Plagiarism occurs when someone uses another person’s words, products, or ideas
without properly acknowledging the original work. The simplest form of plagiarism is
copying someone else’s words and claiming as your own. Another form of plagiarism
is using another person’s ideas and claiming them as your own.

Plagiarism can be unintentional, too. Even if you simply forget to cite your sources, it
could still be considered plagiarism. By properly citing your sources, you will avoid
any cause for concern.

This document introduces formatting and citing sources. To review APA style in more
depth, including how to cite source types not covered in this document, visit the
Purdue Online Writing Lab website.

Citing Sources in Your Paper
There are two important steps to follow in order to correctly cite sources for your
paper. The first step is citing the source within your paper. For this, APA recommends
using parenthetical citation.

Citations for Paraphrased Information
The following is a passage from a book by Michele Anthony about running cars on
vegetable oil.

Does the car in front of yours smell like a deep fryer? It’s probably a diesel that has
been converted to run on vegetable oil. Many people are buying old diesel cars at a
bargain and then converting them. Not only does making the switch reduce the CO2
in the atmosphere, it allows drivers to run their vehicles virtually for free—assuming
they recycle used oil from restaurants. But read closely. It takes a moderate amount
of patience and know-how to convert your car smoothly and safely.

The following sentence is an example of a research paper that restates some of the
information found in the passage from Michele Anthony’s book. When you paraphrase
information (i.e., don’t quote it directly), identify the source’s author within the text of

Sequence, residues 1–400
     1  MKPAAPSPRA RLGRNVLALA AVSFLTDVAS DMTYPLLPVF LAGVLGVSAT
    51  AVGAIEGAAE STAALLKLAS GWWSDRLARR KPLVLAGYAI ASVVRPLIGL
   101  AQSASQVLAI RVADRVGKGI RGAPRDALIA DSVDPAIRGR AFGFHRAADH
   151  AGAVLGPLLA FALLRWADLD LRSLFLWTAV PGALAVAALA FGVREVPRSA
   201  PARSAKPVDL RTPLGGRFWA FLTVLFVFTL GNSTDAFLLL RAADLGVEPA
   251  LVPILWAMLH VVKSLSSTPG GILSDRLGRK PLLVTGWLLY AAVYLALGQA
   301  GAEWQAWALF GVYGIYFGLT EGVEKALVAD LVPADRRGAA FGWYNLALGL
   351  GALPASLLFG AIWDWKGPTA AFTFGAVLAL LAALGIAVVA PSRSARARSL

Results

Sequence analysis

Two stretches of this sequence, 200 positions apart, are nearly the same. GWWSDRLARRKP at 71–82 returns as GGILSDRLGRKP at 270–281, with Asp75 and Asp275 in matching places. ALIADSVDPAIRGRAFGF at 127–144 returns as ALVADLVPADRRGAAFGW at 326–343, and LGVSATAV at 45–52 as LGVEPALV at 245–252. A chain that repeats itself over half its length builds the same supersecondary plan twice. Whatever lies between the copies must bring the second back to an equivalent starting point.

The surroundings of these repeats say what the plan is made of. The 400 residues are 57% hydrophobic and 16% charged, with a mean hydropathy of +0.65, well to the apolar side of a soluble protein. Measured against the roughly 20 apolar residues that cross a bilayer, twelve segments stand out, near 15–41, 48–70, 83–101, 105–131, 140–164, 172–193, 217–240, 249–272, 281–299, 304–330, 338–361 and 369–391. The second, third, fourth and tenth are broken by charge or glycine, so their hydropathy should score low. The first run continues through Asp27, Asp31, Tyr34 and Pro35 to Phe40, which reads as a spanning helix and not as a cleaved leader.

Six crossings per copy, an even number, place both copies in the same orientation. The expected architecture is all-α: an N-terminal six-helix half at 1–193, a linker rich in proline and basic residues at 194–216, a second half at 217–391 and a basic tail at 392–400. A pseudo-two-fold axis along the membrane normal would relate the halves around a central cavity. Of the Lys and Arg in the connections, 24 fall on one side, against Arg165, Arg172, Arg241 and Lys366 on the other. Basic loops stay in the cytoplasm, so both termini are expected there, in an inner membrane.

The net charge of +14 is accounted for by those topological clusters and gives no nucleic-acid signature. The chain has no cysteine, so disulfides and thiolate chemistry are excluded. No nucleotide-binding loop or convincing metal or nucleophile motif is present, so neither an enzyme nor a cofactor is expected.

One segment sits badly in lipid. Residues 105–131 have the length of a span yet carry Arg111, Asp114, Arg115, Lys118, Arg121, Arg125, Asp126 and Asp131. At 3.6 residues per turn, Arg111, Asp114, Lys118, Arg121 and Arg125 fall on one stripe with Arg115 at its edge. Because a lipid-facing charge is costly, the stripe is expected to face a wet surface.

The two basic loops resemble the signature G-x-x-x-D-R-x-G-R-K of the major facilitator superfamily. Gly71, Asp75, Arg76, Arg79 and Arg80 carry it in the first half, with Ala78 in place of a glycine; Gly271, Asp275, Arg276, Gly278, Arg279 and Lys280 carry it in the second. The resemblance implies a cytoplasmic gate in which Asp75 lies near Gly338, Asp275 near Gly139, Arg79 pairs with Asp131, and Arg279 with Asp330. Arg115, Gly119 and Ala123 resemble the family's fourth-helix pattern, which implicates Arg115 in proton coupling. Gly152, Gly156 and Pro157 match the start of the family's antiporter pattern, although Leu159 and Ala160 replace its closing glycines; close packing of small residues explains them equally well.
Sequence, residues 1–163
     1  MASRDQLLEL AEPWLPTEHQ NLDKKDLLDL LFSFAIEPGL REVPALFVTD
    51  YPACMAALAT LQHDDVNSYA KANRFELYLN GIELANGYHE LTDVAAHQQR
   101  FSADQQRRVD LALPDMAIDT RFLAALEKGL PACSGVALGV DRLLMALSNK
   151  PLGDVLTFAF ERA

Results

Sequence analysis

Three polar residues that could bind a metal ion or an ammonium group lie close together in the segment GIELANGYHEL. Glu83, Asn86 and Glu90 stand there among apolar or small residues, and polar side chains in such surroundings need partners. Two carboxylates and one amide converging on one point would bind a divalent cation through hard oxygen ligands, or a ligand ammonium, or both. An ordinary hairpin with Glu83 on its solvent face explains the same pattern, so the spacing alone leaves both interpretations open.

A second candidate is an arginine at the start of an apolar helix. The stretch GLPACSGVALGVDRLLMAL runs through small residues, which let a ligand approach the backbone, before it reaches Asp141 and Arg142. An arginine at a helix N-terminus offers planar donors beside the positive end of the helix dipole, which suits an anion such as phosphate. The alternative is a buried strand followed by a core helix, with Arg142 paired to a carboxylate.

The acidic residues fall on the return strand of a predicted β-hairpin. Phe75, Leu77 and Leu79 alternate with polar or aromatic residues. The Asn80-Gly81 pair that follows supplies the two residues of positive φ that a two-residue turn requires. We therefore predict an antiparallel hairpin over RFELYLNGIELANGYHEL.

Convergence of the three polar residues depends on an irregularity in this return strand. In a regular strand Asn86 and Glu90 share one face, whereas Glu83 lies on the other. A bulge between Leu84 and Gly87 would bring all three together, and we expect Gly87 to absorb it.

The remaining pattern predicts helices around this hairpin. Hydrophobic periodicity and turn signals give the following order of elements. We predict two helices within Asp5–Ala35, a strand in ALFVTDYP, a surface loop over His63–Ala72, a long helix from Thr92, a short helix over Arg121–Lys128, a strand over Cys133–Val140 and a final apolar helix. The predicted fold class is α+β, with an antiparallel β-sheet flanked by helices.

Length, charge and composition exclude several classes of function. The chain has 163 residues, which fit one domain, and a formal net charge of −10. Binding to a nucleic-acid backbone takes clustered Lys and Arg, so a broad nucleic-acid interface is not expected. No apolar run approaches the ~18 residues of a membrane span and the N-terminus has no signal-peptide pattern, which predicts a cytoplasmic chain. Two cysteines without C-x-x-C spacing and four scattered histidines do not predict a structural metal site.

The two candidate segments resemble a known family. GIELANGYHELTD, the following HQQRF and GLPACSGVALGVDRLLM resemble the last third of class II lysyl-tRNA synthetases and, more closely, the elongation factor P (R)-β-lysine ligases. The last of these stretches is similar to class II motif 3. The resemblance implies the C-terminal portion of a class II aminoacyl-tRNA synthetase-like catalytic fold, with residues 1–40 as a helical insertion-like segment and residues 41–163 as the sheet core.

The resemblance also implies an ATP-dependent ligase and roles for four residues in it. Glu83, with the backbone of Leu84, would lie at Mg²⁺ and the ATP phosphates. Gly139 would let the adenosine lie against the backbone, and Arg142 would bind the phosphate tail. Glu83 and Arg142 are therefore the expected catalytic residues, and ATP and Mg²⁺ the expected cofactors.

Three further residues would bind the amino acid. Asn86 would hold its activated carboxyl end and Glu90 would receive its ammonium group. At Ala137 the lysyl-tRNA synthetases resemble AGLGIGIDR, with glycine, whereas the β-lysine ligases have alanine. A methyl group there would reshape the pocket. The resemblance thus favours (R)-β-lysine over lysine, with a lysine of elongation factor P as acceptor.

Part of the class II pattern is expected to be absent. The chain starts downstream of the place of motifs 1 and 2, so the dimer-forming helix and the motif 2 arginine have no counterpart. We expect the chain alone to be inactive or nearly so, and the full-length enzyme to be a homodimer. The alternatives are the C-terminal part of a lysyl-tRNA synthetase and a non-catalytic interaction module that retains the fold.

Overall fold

your paper (at the end of the sentence), including the author’s last name and the year
of publication in parentheses. A comma separates the name and the year.

Converting a diesel engine reduces CO2 and allows drivers to run their vehicles for free (Anthony,

2010). It takes . . .

© 2016 Connections Education LLC. All rights reserved.

Citations for Directly Quoted Information
When you use direct quotes from the source, include the author’s last name, the year of
publication, and the page number preceded by “p.” in parentheses. A comma
separates the name and the year.

If you get a whiff of French fries while sitting in traffic, it’s probably not fast food—it’s more

likely “a diesel that has been converted to run on vegetable oil” (Anthony, 2010, p. 14).

If you use the author’s name in the sentence, include the date of publication by his or
her name, and the page number at the end of the quote.

While Anthony (2010) highlights the benefits, she notes that the conversion “requires a moderate

amou nt of patience and know-how” (p. 17).

Additional Styles of Parenthetical Citation
Citing Works When You Don’t Know the Author – Use the title of the work and
the publication year.

Suppose you cite a newspaper editorial, “Why Light Rail Is Good For Everyone,”
published in 2014. The editorial does not include the author’s name. Include the
name of the article (it can be shortened if it’s longer) and the publication date.